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Wednesday, July 24, 2013

The Keepers of the Kingdom

My boss has been at our zoo for three decades now, working her way up from groundskeeper to curator.  As one would expect from someone who has spent a long time at one zoo, she has a lot of stories about the zoo, the animals… and the keepers.  When talking about the earliest keepers, the ones who were there when she started all of those years ago, she has a special nickname – “animal janitors.”  They were good for coming in and cleaning up poop, and not much else.  Nor did they especially aspire to be anything else.  It was a job.  They came, they did it, they got paid, and they went home.

How many careers can say that they have changed as incredibly (and positively) over the past few years as that of zookeeper?  The zookeeper of today bears little resemblance to that of a half-century ago.  The importance of education has been greatly expanded; a college degree is required at many institutions, and graduate degrees are commonplace.  Some colleges have developed entire programs devoted to the training of future zookeepers.  Keepers are expected not only be to be educated, knowing the natural history and care requirements of their charges, they are also expected to be educators.  While many zoos have education departments these days, it is the animal keepers themselves that the public is most eager to meet and talk to.

Education, of course, is a tool of the zookeeper’s primary mission – conservation.  Zoos participate in breeding programs that may be regional, national, or international in scope.  Keepers raise funds for conservation projects, an example being the famous “Bowling for Rhinos” events.  Some zoos allow their staff to become directly involved in conservation projects in the wild.  In the past, zoos could be justly accused of being drains on wild populations, as animals were pulled from the wild to fill exhibit spaces.  Now, they represent the last hope for some endangered species, from the Kihansi spray toad to the California condor.  It is the keepers who make these conservation triumphs possible.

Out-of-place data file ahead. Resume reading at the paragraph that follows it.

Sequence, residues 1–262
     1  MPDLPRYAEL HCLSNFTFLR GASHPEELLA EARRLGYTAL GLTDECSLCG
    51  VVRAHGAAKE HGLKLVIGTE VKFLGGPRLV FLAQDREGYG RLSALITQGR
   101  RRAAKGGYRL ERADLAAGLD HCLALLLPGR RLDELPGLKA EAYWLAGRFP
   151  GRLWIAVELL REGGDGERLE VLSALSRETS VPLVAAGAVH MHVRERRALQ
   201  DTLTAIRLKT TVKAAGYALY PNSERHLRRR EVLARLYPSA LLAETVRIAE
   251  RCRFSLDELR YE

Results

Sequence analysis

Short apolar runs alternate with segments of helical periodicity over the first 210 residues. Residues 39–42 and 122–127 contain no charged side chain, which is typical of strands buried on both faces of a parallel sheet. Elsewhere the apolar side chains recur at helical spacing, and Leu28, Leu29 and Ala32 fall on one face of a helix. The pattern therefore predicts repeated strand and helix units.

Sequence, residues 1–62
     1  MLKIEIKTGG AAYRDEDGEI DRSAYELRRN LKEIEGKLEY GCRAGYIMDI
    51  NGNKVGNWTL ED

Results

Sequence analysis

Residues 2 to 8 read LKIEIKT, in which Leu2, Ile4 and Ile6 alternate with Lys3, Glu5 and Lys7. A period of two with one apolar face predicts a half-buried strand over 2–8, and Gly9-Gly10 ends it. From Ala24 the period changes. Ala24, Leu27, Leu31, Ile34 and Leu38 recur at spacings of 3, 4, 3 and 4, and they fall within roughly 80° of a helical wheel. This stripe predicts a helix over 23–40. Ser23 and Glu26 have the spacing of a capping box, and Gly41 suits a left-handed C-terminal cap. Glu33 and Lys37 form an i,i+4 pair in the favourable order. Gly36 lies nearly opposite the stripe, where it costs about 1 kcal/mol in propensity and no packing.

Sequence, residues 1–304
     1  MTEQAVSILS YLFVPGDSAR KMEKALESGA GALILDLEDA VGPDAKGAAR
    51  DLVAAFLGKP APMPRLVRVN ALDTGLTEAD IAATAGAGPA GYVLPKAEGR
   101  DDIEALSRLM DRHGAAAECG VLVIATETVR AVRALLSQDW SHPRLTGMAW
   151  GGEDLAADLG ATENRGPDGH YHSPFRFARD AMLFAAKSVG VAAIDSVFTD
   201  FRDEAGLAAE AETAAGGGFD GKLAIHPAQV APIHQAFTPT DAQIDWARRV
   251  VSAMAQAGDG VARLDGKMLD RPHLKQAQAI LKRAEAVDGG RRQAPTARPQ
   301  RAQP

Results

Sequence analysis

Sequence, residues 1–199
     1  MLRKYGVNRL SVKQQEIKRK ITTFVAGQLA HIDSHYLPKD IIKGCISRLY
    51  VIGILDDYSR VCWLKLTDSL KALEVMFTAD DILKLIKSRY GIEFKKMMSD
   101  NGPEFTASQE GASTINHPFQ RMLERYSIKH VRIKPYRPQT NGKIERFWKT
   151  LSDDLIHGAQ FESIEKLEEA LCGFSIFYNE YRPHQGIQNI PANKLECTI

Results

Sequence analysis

I once heard Tony Vecchio, director of the Jacksonville Zoo, address a group of zookeepers at a training session in Wheeling.  Vecchio told us that, in the past, when he would address a gathering of keepers he would tell them that he himself had been a keeper years ago, to suggest a common bond.  “I don’t do that anymore,” he then said, “because what you all do as keepers now is so far beyond anything that I ever did, there’s just no comparison between the two.”  He’s right.  Today’s best keepers practice training.  They use enrichment.  They constantly strive to improve the quality of lives for their animals.  And they themselves are constantly improving.  Within another fifty years or so, maybe the zookeepers of the future will be as far beyond what we do now as we are beyond those who came before us.

Happy National Zookeeper Week!

*Note about Title: I’d heard the nickname “Keepers of the Kingdom” given to the new generation of zookeepers a few years ago and found it to be very charming.  It is also, I later found, the title of a book about zoos written by Michael Nichols.  No reference to this book is intended

**Where practical.  If you are an amphibian keeper and don’t train your salamanders, I’m not looking down my nose at you.  (If you DO train your salamanders, get in touch with me right away, I totally need to get a guest article out of you!)

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